It’s me and my ramblings again…

Hope you have all had a good week, despite the dreary wet weather. I have just popped on to give you an update on some guidance that ACAS recently published in relation to the growing impact that long COVID is having on the workplace.

For some time now, the NHS have recognised that contracting COVID-19 can not only have an immediate impact on an individual’s life and general well-being, but that the infection can also have long-term effects for some. This is commonly referred to as “long COVID” “post COVID-19 syndrome” or “long-tail COVID”. The Office for National Statistics (ONS) estimates that over 1 million people have reported experiencing long COVID.

In response, ACAS has now published advice on how best to move forwards/assist any employees suffering the effects of long COVID. The new guidance outlines a list of long COVID symptoms that can last weeks or months after the infection has gone, including fatigue and problems with memory and concentration (you might have heard people describe this as “brain fog”). The guidance also outlines how employers should manage sickness and absence in relation to long COVID and also the issue of whether long COVID is likely to be considered a disability under UK employment Law.

In brief, ACAS suggests that upon diagnosis, employers and employees should discuss potential impacts of long COVID as early as possible and work together to formulate ways to support sufferers, which could be things such as offering flexible working and considering reasonably adjustments. They also state that, despite variations in the effects of the condition, the usual rules for sickness absence and sick pay apply when someone is off work because of long COVID.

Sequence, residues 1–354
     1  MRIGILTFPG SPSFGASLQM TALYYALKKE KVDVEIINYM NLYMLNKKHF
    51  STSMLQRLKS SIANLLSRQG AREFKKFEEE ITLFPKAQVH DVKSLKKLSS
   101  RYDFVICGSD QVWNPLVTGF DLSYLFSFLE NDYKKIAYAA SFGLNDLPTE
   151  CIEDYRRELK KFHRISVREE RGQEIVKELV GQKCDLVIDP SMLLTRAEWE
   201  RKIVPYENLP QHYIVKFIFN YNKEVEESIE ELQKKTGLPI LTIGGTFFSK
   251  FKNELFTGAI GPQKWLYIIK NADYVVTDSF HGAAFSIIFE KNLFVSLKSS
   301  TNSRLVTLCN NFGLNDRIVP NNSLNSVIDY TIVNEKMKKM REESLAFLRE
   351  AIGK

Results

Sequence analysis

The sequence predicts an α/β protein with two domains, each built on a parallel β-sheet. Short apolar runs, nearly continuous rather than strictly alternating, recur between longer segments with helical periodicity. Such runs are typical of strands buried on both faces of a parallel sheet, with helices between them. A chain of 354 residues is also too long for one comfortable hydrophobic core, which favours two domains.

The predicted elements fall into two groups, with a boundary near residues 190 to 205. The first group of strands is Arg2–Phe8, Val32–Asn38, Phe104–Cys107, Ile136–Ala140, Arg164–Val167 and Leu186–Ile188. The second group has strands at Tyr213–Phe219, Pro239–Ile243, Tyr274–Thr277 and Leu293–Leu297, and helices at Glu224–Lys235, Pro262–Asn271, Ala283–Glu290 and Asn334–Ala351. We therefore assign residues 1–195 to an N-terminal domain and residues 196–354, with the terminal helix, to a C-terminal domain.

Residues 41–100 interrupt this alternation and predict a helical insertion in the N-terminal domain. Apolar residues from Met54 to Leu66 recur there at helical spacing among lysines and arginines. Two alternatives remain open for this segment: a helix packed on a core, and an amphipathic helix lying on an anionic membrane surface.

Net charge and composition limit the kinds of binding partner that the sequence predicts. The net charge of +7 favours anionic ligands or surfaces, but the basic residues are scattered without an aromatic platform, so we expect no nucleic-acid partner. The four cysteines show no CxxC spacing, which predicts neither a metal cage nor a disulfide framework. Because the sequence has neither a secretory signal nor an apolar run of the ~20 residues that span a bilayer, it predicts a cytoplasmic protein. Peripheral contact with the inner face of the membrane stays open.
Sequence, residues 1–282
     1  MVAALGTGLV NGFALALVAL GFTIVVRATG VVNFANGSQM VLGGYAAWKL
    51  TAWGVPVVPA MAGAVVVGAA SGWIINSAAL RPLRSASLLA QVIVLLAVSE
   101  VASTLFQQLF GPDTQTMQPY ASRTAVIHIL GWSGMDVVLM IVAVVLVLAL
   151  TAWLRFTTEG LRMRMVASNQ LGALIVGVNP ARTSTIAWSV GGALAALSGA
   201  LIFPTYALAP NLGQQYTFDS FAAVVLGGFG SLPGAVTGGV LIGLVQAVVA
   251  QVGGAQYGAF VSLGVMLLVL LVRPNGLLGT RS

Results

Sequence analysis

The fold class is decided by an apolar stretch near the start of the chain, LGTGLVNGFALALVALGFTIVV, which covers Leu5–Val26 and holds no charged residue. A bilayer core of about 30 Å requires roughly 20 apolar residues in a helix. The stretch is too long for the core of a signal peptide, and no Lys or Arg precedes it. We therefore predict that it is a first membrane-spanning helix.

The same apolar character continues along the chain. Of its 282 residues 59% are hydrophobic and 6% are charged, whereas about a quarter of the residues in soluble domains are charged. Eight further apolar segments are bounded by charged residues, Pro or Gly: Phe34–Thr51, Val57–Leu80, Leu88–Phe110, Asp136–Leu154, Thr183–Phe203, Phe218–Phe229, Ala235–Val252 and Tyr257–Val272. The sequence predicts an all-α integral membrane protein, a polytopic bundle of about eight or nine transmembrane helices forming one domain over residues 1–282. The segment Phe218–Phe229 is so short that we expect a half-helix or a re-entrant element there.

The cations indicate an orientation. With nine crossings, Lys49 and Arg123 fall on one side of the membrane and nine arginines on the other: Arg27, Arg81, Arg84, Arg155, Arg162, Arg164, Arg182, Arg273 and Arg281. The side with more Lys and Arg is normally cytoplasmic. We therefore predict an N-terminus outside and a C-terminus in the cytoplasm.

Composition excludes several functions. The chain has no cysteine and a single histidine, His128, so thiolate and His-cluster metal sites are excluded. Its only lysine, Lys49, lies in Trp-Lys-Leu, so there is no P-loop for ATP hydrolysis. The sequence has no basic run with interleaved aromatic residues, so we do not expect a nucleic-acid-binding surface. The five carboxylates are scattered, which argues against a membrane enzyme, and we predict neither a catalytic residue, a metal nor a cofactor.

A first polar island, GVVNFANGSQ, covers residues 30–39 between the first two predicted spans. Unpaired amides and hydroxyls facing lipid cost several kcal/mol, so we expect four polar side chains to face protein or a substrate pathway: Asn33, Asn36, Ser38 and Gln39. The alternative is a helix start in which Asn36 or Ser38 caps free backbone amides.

Now, a question that has come up as a result of this, is whether long COVID will now be considered a disability. Now, this is a biggie… and will ultimately have to be determined by the Employment Tribunal.

As we know under the Equality Act 2010 (EQA) a person is recognised as having a disability if they have a mental or physical impairment that has a “substantial and long term adverse effect” on that person’s ability to carry out normal day-to-day activities. With long COVID being a condition that is relatively new and one that we do not yet really fully understand, the “long-term” requirement of the EQA’s definition of disability is where we are going to likely see quite a lot of debate. Whereas, the “substantial effect” side of the definition may sparkless controversy, as the ACAS guidance itself notes that the long COVID symptoms could effect ability to work. However, the effect on the individual will still need to be more than trivial.

If the above situation was to arise then we would advise that you focus primarily on any reasonable adjustments that you might be able to make, as opposed to focusing on whether or not the employee in question has a disability.

A final point for employers to consider, is that within the guidance from ACAS they highlight the fact that long COVID appears to have a more severe and disproportionate effect on particular groups of people, such as the elderly, ethnic minorities and women. It is really important, therefore, that employers bear this in mind when dealing with long COVID and how absence management is handled in each particular instance.

The key points to take away from this is… keep up to date with all new guidance that is published to ensure you have all your ducks in a row and make sure that you communicate.. communicate… communicate… with your employees.

As always, if you have any queries about any of what I have rambled on about or have a question on anything else then please do get in touch.